In order to grasp a better understanding of their plights, Rashid spent time alone with them, late nights, often being mistaken for a sex worker herself.
“And that gave me a really bad taste in my mouth and made me think, ‘Wow I’m just here temporarily and I get this horrible feeling from these men. I can only imagine what the girls go through,’” Rashid said. ”I felt really horrified that a person could live under such horrendous conditions and nobody knows, or people know and they just ignore it. And I didn’t want to be that person [who] just saw it and ignored it. And that’s what kept me going.”
For Rashid, visual storytelling is the most powerful form of multimedia journalism. As evident in her latest documentary, she believes that looking into someone’s eyes and seeing their expressions can convey much more than words.
Moreover, she advocates publicly on the matter of the sex trade by making her stories easily available online.
“I believe in being fully transparent and open and honest. At least I can be the one of the few women within this culture that stands for being transparent,” Rashid said.
When asked why she believes such inequality persists in Bangladesh, Rashid answered that it is due to a lack of enforcement and accountability. While there are policies in place to help women, the government does not have guarantee protections for underage sex workers, nor punishes for rape.
By law, a man could be imprisoned for life or sentenced to hanging, but there is no proper enforcement of these laws. On top of that, there is a culture of shame.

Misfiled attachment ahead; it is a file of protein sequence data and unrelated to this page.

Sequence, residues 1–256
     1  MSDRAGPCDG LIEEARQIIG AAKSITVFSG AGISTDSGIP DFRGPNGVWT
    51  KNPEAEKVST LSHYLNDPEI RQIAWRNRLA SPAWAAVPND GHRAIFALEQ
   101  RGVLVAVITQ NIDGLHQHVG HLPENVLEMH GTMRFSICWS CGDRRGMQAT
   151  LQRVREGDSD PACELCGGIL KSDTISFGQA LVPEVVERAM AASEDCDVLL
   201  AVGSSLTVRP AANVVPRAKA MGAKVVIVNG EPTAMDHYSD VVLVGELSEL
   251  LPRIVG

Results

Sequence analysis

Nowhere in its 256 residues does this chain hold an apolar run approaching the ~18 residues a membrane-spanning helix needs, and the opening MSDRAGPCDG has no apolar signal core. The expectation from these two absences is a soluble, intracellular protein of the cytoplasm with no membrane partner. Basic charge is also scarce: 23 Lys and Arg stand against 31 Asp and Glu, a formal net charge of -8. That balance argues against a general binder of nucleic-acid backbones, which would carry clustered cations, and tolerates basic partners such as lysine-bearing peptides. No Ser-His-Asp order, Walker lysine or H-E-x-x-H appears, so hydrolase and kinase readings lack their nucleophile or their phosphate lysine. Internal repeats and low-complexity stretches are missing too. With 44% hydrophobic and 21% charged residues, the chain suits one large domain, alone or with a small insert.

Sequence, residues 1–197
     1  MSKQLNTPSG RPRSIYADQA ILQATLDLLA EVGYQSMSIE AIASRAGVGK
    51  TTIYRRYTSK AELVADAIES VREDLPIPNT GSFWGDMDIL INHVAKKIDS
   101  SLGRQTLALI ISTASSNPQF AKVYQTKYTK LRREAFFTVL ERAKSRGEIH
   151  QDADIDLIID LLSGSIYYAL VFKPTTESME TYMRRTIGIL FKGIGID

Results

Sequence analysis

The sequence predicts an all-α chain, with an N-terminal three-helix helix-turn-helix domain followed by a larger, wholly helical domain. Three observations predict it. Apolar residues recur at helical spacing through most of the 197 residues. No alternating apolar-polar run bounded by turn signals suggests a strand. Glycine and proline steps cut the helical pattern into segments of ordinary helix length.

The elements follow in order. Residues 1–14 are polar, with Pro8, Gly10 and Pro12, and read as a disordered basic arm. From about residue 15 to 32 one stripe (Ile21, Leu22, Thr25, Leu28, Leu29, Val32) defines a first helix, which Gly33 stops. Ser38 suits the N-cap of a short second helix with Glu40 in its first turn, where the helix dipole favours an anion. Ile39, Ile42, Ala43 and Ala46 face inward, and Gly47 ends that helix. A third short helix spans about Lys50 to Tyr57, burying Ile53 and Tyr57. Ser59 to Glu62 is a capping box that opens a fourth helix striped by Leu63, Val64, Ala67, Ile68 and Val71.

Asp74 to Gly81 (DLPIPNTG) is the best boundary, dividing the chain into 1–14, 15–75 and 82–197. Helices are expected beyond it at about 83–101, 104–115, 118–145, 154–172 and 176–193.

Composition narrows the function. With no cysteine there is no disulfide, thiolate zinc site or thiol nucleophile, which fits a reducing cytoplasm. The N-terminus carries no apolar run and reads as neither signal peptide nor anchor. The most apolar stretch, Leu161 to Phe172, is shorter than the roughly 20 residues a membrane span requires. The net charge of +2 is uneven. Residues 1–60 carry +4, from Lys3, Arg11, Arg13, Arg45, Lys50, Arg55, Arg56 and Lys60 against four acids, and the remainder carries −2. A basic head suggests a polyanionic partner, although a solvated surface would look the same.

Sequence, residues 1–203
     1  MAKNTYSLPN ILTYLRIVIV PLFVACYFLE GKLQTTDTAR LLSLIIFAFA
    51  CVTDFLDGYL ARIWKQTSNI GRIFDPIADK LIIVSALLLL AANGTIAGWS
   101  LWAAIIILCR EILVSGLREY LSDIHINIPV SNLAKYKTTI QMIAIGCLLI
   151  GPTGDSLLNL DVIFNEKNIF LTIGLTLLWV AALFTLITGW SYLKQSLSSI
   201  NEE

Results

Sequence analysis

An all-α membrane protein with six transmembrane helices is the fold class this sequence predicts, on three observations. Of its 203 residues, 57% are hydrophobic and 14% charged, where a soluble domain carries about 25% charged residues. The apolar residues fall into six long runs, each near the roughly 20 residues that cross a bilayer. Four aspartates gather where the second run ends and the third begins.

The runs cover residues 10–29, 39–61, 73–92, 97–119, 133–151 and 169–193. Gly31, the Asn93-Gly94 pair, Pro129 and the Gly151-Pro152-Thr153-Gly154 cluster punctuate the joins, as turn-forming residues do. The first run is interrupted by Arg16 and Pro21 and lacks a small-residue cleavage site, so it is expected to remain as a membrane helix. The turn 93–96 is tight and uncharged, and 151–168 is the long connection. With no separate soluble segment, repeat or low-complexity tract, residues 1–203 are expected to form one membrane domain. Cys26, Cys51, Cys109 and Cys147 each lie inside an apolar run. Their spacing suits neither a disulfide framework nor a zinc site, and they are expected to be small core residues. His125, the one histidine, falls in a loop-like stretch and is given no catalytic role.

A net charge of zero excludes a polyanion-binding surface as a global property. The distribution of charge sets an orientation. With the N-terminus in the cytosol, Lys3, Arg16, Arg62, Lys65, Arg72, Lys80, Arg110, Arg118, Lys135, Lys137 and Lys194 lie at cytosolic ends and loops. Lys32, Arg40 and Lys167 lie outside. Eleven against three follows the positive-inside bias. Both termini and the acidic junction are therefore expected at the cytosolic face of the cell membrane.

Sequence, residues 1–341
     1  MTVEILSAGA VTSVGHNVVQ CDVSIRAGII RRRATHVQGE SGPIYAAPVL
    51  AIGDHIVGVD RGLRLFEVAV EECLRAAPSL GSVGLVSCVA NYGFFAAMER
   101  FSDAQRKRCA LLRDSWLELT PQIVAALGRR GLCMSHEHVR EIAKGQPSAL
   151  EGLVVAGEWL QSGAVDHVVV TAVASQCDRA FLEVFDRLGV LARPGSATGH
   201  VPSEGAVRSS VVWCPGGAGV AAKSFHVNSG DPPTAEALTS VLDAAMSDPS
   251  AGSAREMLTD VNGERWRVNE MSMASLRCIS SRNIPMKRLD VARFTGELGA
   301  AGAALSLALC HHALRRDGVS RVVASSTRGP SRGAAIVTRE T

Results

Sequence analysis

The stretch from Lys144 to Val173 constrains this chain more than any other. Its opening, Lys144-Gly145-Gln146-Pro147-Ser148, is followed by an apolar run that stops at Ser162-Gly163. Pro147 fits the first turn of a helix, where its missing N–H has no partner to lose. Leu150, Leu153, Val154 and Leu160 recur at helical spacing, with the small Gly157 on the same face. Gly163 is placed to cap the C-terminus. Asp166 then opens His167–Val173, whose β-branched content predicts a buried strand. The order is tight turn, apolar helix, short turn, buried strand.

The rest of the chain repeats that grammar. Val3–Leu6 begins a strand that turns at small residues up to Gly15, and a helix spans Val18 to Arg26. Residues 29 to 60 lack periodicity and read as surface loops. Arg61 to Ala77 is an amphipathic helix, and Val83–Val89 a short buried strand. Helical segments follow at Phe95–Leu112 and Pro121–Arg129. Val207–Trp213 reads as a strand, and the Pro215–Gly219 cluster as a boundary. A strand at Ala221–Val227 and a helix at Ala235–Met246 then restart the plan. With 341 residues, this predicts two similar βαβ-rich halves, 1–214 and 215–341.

“It’s a South Asian thing. Men are given more privileges and love and respect than women are,” Rashid said. “A girl is just seen as a second-class citizen, or even third. I think cows are even more sacred than women in Bangladesh.”
To underscore, she said nothing will change until the cultural cycle of oppression is overturned and policies are properly implemented.
Of course, to which most brown girls can relate, Rashid’s parents initially refused for her to become involved in such hazardous projects. But Rashid went with her gut feeling anyway, and, as a result, her parents have grown to overcome their shock. For her mother, it moved her to see Rashid’s work, as women in previous generations of Rashid’s family had to endure similar sociocultural strife that affected them in a negative way.
As for Rashid, to speak up about sensitive gender-based issues was both novel and brave, and has incited much pride among her family and friends.
Rashid’s advice for aspiring South Asian female journalists can be captured in two words: persistence and dedication.
“You will be turned down and rejected so many times before you make a solid hit,” Rashid said, as she recounts how she had to pitch her story on gang rape in Bangladesh for almost a year, facing repeat denial until Vice News approved.
“I would say to any young brown girl wanting to do something different to just go with what you feel and you never know where you’ll end up…Most of the time, you’re going to get rejected, [but] happily take no with a grain of salt and just keep pushing on. You could end up somewhere really amazing and be inspiring,” she said.
Check out the full documentary below, and let us know what you think in the comment section.
Nur Kara is a medley of Indian ancestry and East African heritage, though also carry the labels of “female,” “Ismaili Muslim,” and “first-generation American.” Being part of refugee history and having lived through these various lenses inspires her to similarly share in others’ stories. A self-coined “skeptiste,” she questions the uncommonly questioned.